Life at the friary here in Syracuse does have some interesting perks. One of these perks is getting the New York Times every day. A few days ago I was reading the Time’s coverage of the Pope’s Chrism Mass homily (April 5, 2012). It presented the homily as a shockingly direct rebuke to some priests in Austria who were daring to challenge the authority and teaching of the Church. Here is how the NYT characterized B16’s homily:
Striking a characteristically inquisitive yet uncompromising stance, he asked whether such moves were aimed at “true renewal,” or “do we merely sense a desperate push to do something to change the church in accordance with one’s own preferences and ideas?”
I have to admit that if I was one of the priests who had started this movement and heard the Pope directly speak about me at the Chrism Mass I would probably be soiling my pants about now. And yes, it was a rather direct message. If you’ve never actually read any of B16’s (or Joseph Ratzinger’s) writings you would not know that he often does write in a very simple and direct fashion. He can be quite surprising in his questioning and reflection.
But the problem I have is this. I did not only read the NYT that day. As is my custom, I begin every day with an online review of much of the news: Reuters, CBC, CTV, LaPresse, Toronto Star, Twitter, New.va, Whispers in the Loggia, and I had already read the Pope’s entire homily online. I was shocked by how biased a presentation the news reports were making of the homily. Yes B16 was quite direct about the intentions of people challenging the Church. Here’s the main passage about this:
Recently a group of priests from a European country issued a summons to disobedience, and at the same time gave concrete examples of the forms this disobedience might take, even to the point of disregarding definitive decisions of the Church’s Magisterium, such as the question of women’s ordination, for which Blessed Pope John Paul II stated irrevocably that the Church has received no authority from the Lord. Is disobedience a path of renewal for the Church? We would like to believe that the authors of this summons are motivated by concern for the Church, that they are convinced that the slow pace of institutions has to be overcome by drastic measures, in order to open up new paths and to bring the Church up to date. But is disobedience really a way to do this?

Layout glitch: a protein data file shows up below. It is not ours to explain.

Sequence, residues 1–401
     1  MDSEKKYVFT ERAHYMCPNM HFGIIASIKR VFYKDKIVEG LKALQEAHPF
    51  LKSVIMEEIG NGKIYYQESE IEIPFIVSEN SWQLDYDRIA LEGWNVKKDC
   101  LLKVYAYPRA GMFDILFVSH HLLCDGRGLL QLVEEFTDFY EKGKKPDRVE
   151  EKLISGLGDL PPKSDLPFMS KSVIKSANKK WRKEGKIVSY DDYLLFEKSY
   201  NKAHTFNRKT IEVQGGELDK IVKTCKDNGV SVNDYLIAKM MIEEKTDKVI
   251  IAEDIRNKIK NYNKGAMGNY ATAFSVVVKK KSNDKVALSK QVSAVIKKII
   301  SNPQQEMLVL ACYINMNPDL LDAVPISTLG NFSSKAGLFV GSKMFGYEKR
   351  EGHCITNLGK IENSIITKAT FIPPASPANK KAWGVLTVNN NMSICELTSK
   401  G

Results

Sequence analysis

BUT… that’s not all he said. Read some of the rest:
But let us not oversimplify matters. Surely Christ himself corrected human traditions which threatened to stifle the word and the will of God? Indeed he did, so as to rekindle obedience to the true will of God, to his ever enduring word. His concern was for true obedience, as opposed to human caprice.
Let us ask again: do not such reflections serve simply to defend inertia, the fossilization of traditions? No. Anyone who considers the history of the post-conciliar era can recognize the process of true renewal, which often took unexpected forms in living movements and made almost tangible the inexhaustible vitality of holy Church, the presence and effectiveness of the Holy Spirit. And if we look at the people from whom these fresh currents of life burst forth and continue to burst forth, then we see that this new fruitfulness requires being filled with the joy of faith, the radicalism of obedience, the dynamic of hope and the power of love.
The Church is not about inertia or the fossilization of traditions! Wow. Really, Pope Benedict said that? Yes, he’s a much more complicated person than most imagine and not easily stuffed into a neat little box. He makes me nuts when he wears his fiddle-back vestments and lace of the Tridentine liturgy but he equally makes the extreme traditionalist crazy by refusing to turn back the clock on the vision of Vatican II.
So, a word of caution. Don’t believe everything you read in the papers. Read many sources and find out the truth for yourself!